issue 233 - July 1992
Fear for sale
David Hevey blows the lid off the
disability charity advertising business.
Benevolent advertising agencies see their charity clients as the 'heart of a heartless nation', the 'opiate of the handicapped' - to misquote Marx. The notion that disabled people are totally dependent on charity is so all-pervasive that it is inconceivable that an agency could even think of charging commercial rates. Both charities and the ad agencies who hold their accounts agree that the relationship is moral, not fiscal. Time and time again I have heard ad-men and women describe the charity account as something 'to get your teeth into and to be creative with, something which isn't the usual can of beans'.
The main task of the advertisers is to build a campaign which fights for the public's eye and opens the public's purse. The first stage is to create a 'brand awareness imagery which visualizes the impairment - and subtly links it to the charity client. The agency must find an image which gives the impairment a symbolic yet social identity. The body of the person with an impairment becomes both the essence and the symbol of disablement. The body is fragmented and the major fragment - the impairment - becomes the centre of attention.
Now the impairment has to be labelled so that it can be seen as 'owned' by the charity in question. This is branding. Like all commercial publicity, charity advertising needs both similarities and distinguishing marks. Disability charity advertising is almost always in black and white, while commercial ads are almost always in colour. Charity advertising sells fear, while its commercial equivalent sells desire. Charities promote a brand not to buy, but to buy your distance from.
Most disability charity ads carry at least two messages - one in the photo, one in the text. The photograph shows dependency and - if taken in isolation - futility and oblivion. The accompanying text often contains a 'scientific' challenge to the pictorial oblivion by adding objective 'facts' about the impairment. This may appear contradictory but actually has the effect of setting up the dependent-impairment versus active-charity dynamic in your head. The image posits futility and hopelessness, while the text suggests methods of cure, care or eradication. There is the past but there is also the future. The charity's simple logo lets you know that the future is in safe hands.
Next there is 'attitude change'. This will take the form of a brief description of the charity's efforts to alleviate or cure the impairment. It is never about how the disabled person is organizing against her or his oppression. Attitude change is the charities' dream of social change without political action.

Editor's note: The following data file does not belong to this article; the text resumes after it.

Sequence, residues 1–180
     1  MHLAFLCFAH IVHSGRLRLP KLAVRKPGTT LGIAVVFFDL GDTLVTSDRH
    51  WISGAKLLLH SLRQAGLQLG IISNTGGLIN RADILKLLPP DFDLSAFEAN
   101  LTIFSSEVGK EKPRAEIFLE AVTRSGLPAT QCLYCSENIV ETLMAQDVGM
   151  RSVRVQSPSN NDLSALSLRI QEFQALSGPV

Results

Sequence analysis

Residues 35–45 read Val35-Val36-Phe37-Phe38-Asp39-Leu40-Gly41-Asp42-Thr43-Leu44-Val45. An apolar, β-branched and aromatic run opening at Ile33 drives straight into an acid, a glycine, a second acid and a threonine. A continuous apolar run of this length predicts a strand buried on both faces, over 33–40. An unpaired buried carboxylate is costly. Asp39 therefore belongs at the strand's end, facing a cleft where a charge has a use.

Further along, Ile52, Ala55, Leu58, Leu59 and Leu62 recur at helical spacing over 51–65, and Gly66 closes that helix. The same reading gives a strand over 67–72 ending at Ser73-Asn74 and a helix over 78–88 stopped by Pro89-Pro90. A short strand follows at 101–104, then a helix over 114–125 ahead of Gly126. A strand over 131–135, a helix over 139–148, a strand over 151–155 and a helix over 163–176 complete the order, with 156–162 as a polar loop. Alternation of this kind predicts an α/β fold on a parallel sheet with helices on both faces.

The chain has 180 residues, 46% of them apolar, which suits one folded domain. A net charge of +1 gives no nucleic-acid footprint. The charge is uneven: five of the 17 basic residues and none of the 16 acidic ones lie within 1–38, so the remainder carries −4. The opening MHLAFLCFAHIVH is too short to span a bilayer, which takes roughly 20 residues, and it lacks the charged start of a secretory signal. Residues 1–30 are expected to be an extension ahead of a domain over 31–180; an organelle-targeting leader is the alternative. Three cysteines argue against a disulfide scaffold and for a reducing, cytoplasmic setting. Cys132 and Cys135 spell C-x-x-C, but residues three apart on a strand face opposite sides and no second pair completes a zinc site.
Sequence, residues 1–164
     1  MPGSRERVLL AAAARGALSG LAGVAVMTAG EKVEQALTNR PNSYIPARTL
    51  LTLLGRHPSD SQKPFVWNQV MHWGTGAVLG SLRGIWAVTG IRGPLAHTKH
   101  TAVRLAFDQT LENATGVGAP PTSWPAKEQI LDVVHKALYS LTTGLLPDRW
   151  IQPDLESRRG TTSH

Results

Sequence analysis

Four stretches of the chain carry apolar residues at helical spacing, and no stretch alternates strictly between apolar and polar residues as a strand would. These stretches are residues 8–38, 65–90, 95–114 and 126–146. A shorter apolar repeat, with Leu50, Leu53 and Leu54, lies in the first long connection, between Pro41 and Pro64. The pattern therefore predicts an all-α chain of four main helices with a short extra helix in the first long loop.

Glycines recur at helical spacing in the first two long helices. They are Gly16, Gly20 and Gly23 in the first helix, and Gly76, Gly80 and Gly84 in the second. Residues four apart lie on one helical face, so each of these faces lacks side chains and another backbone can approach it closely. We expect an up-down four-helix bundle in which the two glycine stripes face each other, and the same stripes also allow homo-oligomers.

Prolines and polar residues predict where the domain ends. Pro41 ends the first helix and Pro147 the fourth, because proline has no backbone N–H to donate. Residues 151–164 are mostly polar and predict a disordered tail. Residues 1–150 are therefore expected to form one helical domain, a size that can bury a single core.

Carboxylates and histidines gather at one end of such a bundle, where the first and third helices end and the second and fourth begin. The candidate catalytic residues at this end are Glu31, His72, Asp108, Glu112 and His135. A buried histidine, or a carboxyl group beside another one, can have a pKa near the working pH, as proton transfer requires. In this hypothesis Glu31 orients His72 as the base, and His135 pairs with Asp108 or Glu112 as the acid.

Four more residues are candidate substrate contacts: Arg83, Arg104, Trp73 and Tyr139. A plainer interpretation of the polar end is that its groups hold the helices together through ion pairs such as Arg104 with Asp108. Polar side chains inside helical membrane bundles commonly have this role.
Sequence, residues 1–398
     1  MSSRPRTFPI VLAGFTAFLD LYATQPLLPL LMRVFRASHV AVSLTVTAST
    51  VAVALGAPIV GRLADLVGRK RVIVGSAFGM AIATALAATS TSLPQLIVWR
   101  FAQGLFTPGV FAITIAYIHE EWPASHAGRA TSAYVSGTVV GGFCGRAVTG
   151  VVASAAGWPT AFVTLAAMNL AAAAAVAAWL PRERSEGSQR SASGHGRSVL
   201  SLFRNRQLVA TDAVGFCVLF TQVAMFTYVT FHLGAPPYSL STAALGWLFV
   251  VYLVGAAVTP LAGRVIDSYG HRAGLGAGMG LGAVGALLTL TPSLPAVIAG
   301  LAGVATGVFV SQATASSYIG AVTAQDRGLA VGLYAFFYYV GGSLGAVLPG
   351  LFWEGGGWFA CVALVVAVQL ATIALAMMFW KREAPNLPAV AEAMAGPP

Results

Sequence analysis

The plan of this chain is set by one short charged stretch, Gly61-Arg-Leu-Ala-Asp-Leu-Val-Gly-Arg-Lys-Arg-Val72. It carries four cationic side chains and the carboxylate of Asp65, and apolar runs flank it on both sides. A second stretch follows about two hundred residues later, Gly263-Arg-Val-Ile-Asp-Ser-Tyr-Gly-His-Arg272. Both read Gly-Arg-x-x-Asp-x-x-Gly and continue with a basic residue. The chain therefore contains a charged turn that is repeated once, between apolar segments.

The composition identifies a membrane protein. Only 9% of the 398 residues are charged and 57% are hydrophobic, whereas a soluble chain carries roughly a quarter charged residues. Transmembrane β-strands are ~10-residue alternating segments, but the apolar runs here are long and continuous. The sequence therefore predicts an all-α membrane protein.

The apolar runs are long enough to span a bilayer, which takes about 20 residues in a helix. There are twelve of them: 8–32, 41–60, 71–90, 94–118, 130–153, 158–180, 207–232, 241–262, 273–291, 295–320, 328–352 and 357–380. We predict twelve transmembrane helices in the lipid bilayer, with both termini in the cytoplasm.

The process can be seen in a number of campaigns. The UK-based Multiple Sclerosis Society campaign, with its memorable 'MS tears lives apart' slogan (accompanied by a dramatically ripped photo of an otherwise 'perfect' body), is a classic example. The first stage of their campaign established the tear or rip as the symbol of both impairment and the society. The ad features beautiful models with nothing to live for after their beauty is destroyed. The beast had come upon them.
The second stage of the Society's campaign shows a 30-year-old man being bathed. This is symbolic of the despair of the MS decline. MS has been tumed into a symbolic condition, rather than an actual one. MS is no longer real but is designed to mirror a fictional manifestation of the fear within the viewer. The subject has a mothering figure (a woman) bathing his physical self and his symbolic soul. The image shows his broad neck with her large hands and her muscular arm across it. Her sleeves are rolled up, she has a job to do. Her head leans forward and her forehead almost connects with his. Her activity and his passivity are constructed as a heterosexual male nightmare. Despite his bulky torso, he does not fill the bath. He has been both diminished and infantilized by his condition. His head tips down and his apparent sadness is written in the text, which reads: 'How does it feel to have the mental age of thirty and a physical age of one?' The final twist in this sorry saga is the knowledge that his mind is trapped in an asexual infantilized body.
A superficial analysis of these adverts would suggest that the MS can be tackled by giving the Society money. But this is not the only thing in the ad. Charities themselves have become victims of their own propaganda. A central myth is that charities exist exclusively in a two-way flow of giving between themselves and the public. But in reality their total income is broken down between assets, trading and voluntary giving. Of the voluntary giving about a third represents giving by legacy. The other two thirds of voluntary income comes from a host of sources including covenanted giving, payroll giving and the income generated by volunteers.